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I've got a Django forms page, set up in the classic Django way to show a form for a GET request and to handle form submission for a POST request, and return errors for invalid data.

def create_trial(request):
  trial_form = TrialForm()
  if request.method == 'POST':
    if request.POST['form'] == 'trial_create':
      trial_form = TrialForm(request.POST)
      if trial_form.is_valid():
         # etc etc
 return render_to_response(template, {'trial_form': trial_form},

Now, I need to create a static HTML page, located on a different subdomain, that POSTs directly into this Django form.

Obviously, if all the data is okay, then that's fine - the HTML page will just redirect to the Django success message.

However, what will happen if the Django form rejects some of the data? What will my user see?

What would be ideal is if they were redirected to the Django form (in the Django subdomain) with the data pre-filled and the relevant error messages showing, but I don't know if that's actually possible.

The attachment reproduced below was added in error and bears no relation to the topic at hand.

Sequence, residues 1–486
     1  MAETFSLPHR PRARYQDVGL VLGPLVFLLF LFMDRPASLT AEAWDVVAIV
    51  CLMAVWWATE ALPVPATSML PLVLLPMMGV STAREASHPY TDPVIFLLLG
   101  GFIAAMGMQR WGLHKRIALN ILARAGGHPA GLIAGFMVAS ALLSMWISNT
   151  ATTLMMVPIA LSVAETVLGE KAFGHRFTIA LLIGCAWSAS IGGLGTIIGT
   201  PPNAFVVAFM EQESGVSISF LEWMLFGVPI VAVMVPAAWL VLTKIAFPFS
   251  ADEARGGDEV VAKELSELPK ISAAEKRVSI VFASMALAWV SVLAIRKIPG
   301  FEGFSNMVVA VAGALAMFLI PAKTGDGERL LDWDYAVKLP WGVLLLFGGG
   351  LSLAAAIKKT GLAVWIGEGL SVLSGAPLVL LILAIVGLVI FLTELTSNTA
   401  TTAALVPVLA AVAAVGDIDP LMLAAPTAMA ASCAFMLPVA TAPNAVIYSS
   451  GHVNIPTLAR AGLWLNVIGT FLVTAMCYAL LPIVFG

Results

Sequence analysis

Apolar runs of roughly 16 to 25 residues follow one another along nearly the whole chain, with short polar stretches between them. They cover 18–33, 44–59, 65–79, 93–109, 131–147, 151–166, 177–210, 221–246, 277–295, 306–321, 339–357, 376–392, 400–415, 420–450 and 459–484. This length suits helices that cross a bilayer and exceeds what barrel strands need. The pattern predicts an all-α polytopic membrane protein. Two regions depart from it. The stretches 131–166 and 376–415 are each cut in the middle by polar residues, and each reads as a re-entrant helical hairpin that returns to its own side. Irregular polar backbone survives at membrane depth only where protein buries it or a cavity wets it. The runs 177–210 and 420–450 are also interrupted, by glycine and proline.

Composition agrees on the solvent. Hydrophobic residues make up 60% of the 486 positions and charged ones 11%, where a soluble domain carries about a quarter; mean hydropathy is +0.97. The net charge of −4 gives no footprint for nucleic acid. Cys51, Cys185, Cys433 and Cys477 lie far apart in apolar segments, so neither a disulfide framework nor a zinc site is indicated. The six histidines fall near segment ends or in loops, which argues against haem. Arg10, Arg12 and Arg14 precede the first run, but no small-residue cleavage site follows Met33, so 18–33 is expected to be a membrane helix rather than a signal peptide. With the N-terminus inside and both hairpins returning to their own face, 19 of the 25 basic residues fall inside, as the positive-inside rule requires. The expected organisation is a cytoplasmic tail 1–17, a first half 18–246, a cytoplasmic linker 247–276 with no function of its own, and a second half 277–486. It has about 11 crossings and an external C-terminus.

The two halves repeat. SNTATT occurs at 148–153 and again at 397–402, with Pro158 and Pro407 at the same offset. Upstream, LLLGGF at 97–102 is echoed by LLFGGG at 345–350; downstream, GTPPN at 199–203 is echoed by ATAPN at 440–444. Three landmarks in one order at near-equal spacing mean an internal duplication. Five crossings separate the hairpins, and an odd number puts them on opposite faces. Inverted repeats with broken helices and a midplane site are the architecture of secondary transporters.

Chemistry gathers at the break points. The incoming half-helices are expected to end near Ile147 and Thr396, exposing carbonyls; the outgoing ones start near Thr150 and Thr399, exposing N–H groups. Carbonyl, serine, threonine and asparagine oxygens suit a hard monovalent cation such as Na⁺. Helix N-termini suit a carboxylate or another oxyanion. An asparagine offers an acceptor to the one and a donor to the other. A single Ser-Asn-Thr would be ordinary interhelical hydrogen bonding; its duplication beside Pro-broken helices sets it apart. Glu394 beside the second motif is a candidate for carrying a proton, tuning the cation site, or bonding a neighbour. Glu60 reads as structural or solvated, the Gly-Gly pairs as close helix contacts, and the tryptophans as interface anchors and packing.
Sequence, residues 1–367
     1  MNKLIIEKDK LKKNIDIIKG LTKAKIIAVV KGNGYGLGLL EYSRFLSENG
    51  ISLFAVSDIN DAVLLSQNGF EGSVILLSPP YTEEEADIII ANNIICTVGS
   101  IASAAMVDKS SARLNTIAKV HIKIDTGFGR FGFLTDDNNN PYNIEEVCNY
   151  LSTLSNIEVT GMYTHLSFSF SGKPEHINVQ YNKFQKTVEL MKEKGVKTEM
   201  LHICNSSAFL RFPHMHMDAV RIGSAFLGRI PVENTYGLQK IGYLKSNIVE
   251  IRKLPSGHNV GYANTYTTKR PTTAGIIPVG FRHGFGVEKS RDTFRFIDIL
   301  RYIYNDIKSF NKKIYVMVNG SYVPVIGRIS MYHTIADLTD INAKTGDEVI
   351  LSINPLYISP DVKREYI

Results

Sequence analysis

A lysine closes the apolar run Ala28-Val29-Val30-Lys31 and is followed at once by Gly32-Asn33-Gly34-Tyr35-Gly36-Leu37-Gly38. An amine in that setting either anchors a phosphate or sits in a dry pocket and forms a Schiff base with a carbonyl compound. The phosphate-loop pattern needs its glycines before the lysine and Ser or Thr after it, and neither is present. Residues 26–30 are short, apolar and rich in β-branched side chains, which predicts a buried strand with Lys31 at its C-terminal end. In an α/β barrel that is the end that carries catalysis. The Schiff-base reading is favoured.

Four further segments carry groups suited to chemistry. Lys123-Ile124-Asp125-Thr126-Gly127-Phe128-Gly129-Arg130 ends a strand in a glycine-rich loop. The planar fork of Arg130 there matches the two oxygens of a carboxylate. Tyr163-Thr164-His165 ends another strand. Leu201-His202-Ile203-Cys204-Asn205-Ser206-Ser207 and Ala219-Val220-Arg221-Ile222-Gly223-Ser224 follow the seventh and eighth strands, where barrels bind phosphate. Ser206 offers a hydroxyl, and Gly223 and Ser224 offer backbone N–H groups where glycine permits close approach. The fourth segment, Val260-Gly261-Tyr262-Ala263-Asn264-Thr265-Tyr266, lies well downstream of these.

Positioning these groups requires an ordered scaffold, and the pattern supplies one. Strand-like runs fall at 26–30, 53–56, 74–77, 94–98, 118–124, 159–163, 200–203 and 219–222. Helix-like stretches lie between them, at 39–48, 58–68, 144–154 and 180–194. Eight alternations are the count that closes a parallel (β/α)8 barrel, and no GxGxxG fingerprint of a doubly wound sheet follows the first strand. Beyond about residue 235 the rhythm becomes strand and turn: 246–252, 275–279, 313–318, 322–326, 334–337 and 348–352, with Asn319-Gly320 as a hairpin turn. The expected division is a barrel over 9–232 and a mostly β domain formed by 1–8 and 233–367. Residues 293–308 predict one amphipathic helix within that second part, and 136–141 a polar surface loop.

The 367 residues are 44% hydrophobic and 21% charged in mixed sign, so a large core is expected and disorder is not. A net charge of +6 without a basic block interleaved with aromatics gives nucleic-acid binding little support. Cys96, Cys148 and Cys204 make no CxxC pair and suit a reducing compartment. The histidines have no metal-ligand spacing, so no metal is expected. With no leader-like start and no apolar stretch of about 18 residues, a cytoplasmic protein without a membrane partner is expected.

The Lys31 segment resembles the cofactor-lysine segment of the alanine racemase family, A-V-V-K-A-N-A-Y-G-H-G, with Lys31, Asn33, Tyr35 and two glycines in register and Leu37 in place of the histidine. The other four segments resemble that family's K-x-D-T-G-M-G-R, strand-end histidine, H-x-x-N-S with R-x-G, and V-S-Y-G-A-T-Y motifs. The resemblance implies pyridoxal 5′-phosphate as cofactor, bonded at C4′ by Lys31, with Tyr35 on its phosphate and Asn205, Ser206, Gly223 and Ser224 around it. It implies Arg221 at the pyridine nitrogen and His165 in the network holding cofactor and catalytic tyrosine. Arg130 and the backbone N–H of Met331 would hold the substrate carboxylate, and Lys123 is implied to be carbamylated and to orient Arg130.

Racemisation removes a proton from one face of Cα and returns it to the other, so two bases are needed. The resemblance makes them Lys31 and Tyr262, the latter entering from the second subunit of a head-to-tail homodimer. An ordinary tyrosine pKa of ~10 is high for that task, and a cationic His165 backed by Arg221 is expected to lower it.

Please could anyone advise?

share|improve this question

You say the post is from a different site? Say I have site1 which contains the view and site2 which has the html form. I don't think its possible to go to site2 from within site1's view except when you call a redirect, in which case you lose access to all sorts of validation response like form errors etc., unless you find a way to pass them all via query strings. If you do, you could then create a handler in site2's side that will receive and parse responses from site1. I'm not sure if this is applicable in your case though, since you said its just static html.

share|improve this answer
page1 is just in a different subdomain from page2, and it's static HTML rather than Django. Surely it's possible to send POST across domains, in HTTP (not JS)? – AP257 Mar 11 '11 at 16:42
up vote 0 down vote accepted

Answering my own question: No problem - on testing, it all Just Works in Django.

A failed response redirects to the form on the Django subdomain, with the errors pre-filled. I heart Django!

share|improve this answer
The main purpose of Django is to make HTTP easy. That's all it's doing here, no magic. – Joe Holloway Mar 11 '11 at 19:51

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